Ask a Question

Why don't drivers negotiate on their insurance premiums?

I recently received my renewal notice for a 2002 Rover 75 at £393.97 for two named drivers (my wife and I), both retired. After a phone call, to the company, we agreed that by reducing the annual mileage, and agreeing that being retired, we did not require cover for "Social use and commuting to work", I was offered a reduction to £326.19. The renewal letter had also offered "If you receive a lower quote for the same level of cover, we'll beat it".

On a well advertised website I found a company offering £226.00, using the same details shown on my current policy, so I phoned my current insurers again, to be told by the lady in the office that she was authorised to offer me up to £100 off my above "cheaper" offer to retain my custom (which I am considering accepting), saving me £177.78. I would recommend your readers take up the challenge. How many people just accept and pay up?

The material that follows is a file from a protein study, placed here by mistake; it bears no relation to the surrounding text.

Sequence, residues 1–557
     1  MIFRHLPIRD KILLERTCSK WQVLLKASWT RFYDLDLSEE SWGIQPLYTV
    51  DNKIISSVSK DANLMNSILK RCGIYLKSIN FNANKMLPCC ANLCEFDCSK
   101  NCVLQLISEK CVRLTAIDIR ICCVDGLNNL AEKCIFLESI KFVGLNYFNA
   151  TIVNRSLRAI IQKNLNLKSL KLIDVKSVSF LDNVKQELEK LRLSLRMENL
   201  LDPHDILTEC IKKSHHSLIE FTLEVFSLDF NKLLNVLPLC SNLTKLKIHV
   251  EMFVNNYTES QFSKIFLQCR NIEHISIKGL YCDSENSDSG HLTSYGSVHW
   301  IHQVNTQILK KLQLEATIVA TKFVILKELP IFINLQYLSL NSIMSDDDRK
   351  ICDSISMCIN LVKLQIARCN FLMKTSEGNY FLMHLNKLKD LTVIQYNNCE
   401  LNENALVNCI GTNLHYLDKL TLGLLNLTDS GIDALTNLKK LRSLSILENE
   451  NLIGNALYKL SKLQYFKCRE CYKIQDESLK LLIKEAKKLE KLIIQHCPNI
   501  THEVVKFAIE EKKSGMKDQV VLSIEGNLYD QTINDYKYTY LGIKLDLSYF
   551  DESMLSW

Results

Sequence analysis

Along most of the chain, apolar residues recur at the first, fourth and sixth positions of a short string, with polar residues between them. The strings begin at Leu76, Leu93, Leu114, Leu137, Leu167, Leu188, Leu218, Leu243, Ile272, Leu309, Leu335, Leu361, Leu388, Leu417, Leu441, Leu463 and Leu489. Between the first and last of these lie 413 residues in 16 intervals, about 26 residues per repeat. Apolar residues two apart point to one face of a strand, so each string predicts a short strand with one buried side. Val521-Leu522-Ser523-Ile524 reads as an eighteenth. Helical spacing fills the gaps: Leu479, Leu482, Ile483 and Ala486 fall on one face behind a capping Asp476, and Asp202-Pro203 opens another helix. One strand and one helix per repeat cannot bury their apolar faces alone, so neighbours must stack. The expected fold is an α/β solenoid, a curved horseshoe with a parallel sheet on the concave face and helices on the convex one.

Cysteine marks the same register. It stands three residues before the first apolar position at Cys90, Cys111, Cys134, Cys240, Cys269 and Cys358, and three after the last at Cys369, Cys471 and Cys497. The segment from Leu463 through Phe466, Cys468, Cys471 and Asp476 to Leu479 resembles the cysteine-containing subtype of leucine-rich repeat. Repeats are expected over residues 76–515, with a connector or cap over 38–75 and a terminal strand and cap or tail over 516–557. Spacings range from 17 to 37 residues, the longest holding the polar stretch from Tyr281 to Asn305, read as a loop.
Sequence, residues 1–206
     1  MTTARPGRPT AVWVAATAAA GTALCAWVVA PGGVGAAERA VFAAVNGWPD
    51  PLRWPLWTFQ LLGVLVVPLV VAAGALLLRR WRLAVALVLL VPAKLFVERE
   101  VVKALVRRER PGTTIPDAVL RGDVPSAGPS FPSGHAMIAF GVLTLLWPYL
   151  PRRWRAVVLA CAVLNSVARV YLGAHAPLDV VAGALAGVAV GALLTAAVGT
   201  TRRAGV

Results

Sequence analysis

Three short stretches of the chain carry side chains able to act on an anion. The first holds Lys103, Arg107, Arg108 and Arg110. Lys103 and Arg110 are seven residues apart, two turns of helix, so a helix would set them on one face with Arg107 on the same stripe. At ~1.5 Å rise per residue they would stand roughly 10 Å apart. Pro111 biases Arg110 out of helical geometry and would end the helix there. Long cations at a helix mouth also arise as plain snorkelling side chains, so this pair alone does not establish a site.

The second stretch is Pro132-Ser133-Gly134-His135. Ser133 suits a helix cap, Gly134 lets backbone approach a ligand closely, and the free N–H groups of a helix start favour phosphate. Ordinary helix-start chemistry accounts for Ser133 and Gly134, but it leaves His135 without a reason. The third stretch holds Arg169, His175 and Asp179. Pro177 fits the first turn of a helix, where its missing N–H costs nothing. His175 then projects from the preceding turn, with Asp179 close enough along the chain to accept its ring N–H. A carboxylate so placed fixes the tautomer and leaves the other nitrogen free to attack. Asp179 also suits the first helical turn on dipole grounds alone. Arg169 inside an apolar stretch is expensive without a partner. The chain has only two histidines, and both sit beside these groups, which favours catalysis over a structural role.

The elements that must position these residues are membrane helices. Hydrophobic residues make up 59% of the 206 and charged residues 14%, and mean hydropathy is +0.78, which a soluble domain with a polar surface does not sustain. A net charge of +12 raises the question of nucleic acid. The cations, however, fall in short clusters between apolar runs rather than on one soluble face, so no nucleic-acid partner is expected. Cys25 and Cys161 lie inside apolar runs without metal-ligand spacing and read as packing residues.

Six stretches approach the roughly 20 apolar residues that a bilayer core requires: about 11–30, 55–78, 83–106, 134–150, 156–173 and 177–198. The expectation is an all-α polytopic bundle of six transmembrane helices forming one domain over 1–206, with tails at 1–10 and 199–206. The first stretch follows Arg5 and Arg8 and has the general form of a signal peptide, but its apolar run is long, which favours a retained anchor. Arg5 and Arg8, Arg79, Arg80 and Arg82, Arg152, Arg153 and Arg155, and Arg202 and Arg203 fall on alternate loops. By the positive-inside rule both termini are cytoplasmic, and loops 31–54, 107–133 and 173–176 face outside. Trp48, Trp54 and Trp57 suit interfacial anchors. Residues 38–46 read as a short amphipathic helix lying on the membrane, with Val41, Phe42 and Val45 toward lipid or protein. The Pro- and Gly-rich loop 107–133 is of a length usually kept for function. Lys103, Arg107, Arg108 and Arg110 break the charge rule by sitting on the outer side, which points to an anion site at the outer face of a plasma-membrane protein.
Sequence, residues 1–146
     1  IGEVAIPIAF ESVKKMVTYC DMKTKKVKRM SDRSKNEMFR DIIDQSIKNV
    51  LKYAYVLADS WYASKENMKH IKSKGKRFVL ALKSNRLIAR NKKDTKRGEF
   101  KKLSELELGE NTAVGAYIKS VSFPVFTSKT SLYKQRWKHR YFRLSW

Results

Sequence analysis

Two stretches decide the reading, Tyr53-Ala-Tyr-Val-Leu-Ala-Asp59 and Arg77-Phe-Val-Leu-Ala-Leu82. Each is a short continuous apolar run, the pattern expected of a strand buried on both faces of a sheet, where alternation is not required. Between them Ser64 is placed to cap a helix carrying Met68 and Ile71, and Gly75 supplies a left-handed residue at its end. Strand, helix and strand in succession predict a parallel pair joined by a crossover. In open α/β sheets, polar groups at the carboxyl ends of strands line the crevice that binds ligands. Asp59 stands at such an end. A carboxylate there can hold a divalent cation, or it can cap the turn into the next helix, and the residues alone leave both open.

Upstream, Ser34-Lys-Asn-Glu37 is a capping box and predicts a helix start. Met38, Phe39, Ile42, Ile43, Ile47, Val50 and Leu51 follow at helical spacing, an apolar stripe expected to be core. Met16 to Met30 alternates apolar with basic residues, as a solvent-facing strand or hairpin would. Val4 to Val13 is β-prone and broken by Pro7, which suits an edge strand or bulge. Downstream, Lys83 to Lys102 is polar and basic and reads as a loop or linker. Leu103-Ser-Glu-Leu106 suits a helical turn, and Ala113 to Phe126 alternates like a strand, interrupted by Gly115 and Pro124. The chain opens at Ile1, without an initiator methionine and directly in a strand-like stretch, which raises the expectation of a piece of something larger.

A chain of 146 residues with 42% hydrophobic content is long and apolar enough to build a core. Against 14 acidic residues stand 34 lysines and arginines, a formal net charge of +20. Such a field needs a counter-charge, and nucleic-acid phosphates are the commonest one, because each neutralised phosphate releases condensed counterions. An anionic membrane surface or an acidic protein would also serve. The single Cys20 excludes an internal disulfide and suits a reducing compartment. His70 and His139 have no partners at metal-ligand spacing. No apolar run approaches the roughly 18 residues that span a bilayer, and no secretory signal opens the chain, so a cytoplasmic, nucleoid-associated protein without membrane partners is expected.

Asked on by

You are absolutely right. Well done. Unfortunately the more that policyholders do this, the less the reductions will be because there will be less in the overall pot.
Similar questions
I'm a cash buyer with no trade-in. I'm hoping to buy a 2012 Ford Fiesta, with the Aston Martin grille and 36,000 miles on the clock, through a Ford main dealer. They're having to transfer the car from...
I'm after a Focus-sized petrol car up to two years old (not new) for around £10,000-£11,000. Two key requirements are reliability and boot space. I quite like the Honda Civic and Ford Focus but can't decide...
I'm ordering a Fiat 500 Twinair soon on finance. Any haggling/bargaining to be done with Fiat in terms of options? Not quite sure how it would work in terms of finance, but do you know any ways? Bought...

Ask Honest John

Value my car